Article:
Before the introduction of the IFERROR formula in Excel 2007, if you wanted to hide errors displayed by some formulas you had to employ a combination of IF and the ISNA formulas, which resulted in Excel having to do the calculation twice. Once to establish whether the result was an error, and again if the result wasn’t an error. In big spreadsheets this meant significant perfomance issues. Thankfully Excel 2007 introduced the IFERROR formula which puts an end to these messy workarounds.
The IFERROR formula can be used as a ‘wrapper’ to hide many different errors; #DIV/0!, #NAME?, #NULL!, #NUM!, #REF!, #VALUE!, and one of the most common being VLOOKUP’s #N/A error.
In this tutorial we’re going to look at using the IFERROR to solve VLOOKUP’s #N/A error.
We’ll cover why we might want Excel to hide this error, and how we can tell Excel to display something more elegant in its place.
Let’s recap our VLOOKUP formulas:
Exact Match VLOOKUP:
VLOOKUP(find this value, in that table, return the value in column x of the table, but only return a result if you can match the value exactly)
Sorted List VLOOKUP:
VLOOKUP(find this value, in that table, return the value in column x of the table)
Excel will return a #N/A error if it can’t find the value it’s looking for in the table.
Problems with #N/A
1) In some situations you are anticipating errors that you don’t need to correct. However, a spreadsheet littered with #N/A’s can be unsightly when you’re presenting the data in a report format.
2) #N/A’s present in any cell of a row or column will prevent you adding it up. The result of a SUM on a row or column with #N/A’s will be #N/A. That’s a show stopper right there.
3) #N/A’s are not very informative. Something like ‘Not Found’ or ‘Missing’, or ‘0’ would be more helpful.
4) Just like you can’t add up a column containing cells with #N/A’s, you can’t apply any other formulas to them either. It would be more helpful for Excel to enter a 0 (zero) which won’t break any dependant formulas (well, unless of course you’re dividing by 0).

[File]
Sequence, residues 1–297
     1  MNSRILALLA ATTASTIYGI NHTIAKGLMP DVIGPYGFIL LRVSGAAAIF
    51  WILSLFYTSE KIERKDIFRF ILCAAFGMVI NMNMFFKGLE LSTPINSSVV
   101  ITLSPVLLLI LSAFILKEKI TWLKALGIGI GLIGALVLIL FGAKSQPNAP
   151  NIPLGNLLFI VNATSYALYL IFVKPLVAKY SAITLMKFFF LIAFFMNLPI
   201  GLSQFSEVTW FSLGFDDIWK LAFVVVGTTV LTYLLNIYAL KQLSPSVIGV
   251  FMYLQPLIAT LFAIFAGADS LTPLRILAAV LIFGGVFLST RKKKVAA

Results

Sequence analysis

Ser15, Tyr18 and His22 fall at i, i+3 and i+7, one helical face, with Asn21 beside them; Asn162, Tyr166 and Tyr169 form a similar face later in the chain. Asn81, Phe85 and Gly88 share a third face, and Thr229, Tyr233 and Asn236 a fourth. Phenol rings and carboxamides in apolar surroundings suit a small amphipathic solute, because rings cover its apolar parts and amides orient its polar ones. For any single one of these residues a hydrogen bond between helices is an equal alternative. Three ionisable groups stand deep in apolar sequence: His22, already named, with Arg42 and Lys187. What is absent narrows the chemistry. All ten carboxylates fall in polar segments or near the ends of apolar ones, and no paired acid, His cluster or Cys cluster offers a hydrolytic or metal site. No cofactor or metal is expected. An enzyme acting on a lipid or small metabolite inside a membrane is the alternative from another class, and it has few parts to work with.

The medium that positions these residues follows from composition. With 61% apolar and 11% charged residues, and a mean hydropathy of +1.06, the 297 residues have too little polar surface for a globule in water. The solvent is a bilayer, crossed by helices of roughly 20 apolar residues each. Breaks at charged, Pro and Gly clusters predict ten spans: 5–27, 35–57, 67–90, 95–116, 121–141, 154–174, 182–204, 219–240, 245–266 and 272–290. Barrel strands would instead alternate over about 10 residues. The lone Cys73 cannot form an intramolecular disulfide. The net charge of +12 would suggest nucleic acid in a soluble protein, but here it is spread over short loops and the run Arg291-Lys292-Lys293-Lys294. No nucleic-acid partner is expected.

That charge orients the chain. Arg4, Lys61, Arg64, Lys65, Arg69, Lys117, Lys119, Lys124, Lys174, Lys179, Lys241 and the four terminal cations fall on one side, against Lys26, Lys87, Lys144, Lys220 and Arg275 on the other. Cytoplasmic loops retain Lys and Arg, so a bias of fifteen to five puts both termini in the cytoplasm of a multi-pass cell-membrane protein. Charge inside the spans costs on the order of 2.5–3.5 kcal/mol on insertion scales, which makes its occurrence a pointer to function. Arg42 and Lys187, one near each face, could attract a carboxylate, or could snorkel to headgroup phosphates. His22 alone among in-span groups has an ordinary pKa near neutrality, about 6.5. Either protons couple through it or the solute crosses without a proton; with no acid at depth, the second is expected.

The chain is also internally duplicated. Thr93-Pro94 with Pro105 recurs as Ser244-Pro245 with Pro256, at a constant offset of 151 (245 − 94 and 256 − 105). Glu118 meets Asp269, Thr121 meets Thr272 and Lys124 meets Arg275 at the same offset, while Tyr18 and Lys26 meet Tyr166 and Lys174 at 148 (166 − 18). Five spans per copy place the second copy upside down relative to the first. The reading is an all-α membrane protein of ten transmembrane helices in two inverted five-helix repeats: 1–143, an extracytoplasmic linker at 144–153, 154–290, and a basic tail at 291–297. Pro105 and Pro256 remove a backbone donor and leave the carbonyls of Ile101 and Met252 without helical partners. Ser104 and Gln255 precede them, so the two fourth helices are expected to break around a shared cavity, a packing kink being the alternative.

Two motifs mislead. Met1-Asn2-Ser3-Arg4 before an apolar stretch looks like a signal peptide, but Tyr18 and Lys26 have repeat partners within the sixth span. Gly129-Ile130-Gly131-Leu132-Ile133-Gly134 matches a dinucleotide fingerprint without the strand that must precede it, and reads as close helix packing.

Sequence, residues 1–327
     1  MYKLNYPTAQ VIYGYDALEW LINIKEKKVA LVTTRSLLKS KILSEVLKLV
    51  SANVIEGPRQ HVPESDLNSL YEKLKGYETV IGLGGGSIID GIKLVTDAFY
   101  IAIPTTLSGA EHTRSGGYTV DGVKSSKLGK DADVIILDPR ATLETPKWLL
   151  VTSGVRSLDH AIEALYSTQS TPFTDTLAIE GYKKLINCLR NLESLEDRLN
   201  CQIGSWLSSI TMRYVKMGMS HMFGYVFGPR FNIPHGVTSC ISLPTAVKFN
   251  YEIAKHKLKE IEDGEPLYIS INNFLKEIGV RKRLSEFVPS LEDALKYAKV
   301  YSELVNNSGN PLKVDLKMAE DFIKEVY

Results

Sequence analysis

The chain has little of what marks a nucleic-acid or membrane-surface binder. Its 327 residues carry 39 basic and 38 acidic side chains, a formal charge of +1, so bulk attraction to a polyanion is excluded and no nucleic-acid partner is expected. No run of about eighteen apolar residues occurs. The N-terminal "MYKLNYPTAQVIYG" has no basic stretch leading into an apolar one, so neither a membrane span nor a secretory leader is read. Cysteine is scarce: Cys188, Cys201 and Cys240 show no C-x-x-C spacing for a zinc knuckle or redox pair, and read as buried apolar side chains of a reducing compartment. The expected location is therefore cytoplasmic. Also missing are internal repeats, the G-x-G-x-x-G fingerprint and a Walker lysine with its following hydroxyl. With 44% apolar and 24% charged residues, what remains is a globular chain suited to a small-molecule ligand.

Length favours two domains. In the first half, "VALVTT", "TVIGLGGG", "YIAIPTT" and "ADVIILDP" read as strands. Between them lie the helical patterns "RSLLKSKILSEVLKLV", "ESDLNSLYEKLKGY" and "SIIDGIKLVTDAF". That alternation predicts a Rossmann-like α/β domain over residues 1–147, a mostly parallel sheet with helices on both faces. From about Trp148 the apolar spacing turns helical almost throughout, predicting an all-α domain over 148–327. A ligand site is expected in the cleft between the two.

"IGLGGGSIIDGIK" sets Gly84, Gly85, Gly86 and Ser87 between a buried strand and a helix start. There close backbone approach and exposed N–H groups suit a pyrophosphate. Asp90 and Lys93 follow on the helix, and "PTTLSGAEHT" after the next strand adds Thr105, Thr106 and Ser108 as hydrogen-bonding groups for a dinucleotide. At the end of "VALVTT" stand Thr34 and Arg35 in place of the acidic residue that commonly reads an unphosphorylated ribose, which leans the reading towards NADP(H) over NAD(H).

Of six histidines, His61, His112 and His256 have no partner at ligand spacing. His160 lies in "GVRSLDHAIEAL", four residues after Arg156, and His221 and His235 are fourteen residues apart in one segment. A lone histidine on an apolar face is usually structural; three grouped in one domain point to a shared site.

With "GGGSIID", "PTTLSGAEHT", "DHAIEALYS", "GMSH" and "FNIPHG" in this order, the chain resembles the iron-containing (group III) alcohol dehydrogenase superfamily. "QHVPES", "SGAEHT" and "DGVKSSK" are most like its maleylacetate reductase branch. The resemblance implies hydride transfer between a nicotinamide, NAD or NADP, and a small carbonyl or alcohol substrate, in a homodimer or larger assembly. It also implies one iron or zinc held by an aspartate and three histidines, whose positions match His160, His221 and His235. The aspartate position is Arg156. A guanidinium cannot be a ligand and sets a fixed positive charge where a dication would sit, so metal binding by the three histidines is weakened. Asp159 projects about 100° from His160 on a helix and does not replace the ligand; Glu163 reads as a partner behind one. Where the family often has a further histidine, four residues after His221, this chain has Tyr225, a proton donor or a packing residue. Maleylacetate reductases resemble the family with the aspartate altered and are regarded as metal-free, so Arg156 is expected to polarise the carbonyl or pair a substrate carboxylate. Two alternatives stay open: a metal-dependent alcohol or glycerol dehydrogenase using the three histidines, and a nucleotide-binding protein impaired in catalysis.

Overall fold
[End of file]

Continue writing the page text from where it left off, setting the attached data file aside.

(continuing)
How to get rid of #N/A
By wrapping your VLOOKUP formula in an IFERROR formula you can tell Excel to hide the error, or put something else (text, a number, or nothing) in its place.
Taking our VLOOKUP formula above, and wrapping it in the IFERROR formula, in English our new formula would read:
=IFERROR(VLOOKUP(find this value, in that table, return the value in column x of the table, but only return a result if you can match the value exactly), if you can’t find it put the word ‘Missing’ in the cell)
When we enter our formula in Excel, and apply it to the example we used for our VLOOKUP Exact Match example it would look like this:
You can see in the spreadsheet below that ‘Doug’ is no longer in our Commission Rates table and the IFERROR formula is telling Excel to put the word ‘Missing’ in the cell.
If we wanted Excel to put a number, say 0 in the cell instead of a word our formula would look like this.
You’ll notice the 0 doesn’t have inverted commas “ “ surrounding it like the text ‘Missing’ did. The rule is if you want Excel to enter text you need to surround it in inverted commas, but for numbers you just enter them without the inverted commas.
To enter nothing, your formula would read:
To enter a dash – your formula would read:
Other uses for the IFERROR
As I mentioned above, the IFERROR can also hide #DIV/0!, #NAME?, #NULL!, #NUM!, #REF!, and #VALUE!
The other most common error is #DIV/0! Let’s quickly look at how we’d hide this error by wrapping it in IFERROR.
Say we had a calculation that was =10/0 the result would be #DIV/0!. To hide this we can wrap our formula in the IFERROR like this:
=IFERROR(10/0,”Error”) and instead of Excel displaying #DIV/0! it would display ‘Error’
Or if we wanted it to display 0 we’d enter the formula like this:
One last thing – Cell Error Print Options
What if you want to keep the errors in the spreadsheet and only hide them when printing? Sometimes it’s useful to know where the errors are so you can correct any that are not expected, but if you regularly print reports you probably don’t want the errors displayed.
There’s a simple print setting that will allow you to define how errors are displayed when printing. You can choose to either enter a — in the place of any errors, or leave the cell blank.
In the Page Setup on the Sheet tab choose how you want cell errors displayed from the drop down list.
Download the Excel workbook used in this example so you can copy and practice the IFERROR formula to make sure you really get it and can take advantage of its power.
Tell us how you use IFERROR formulas in your work by entering a comment below.
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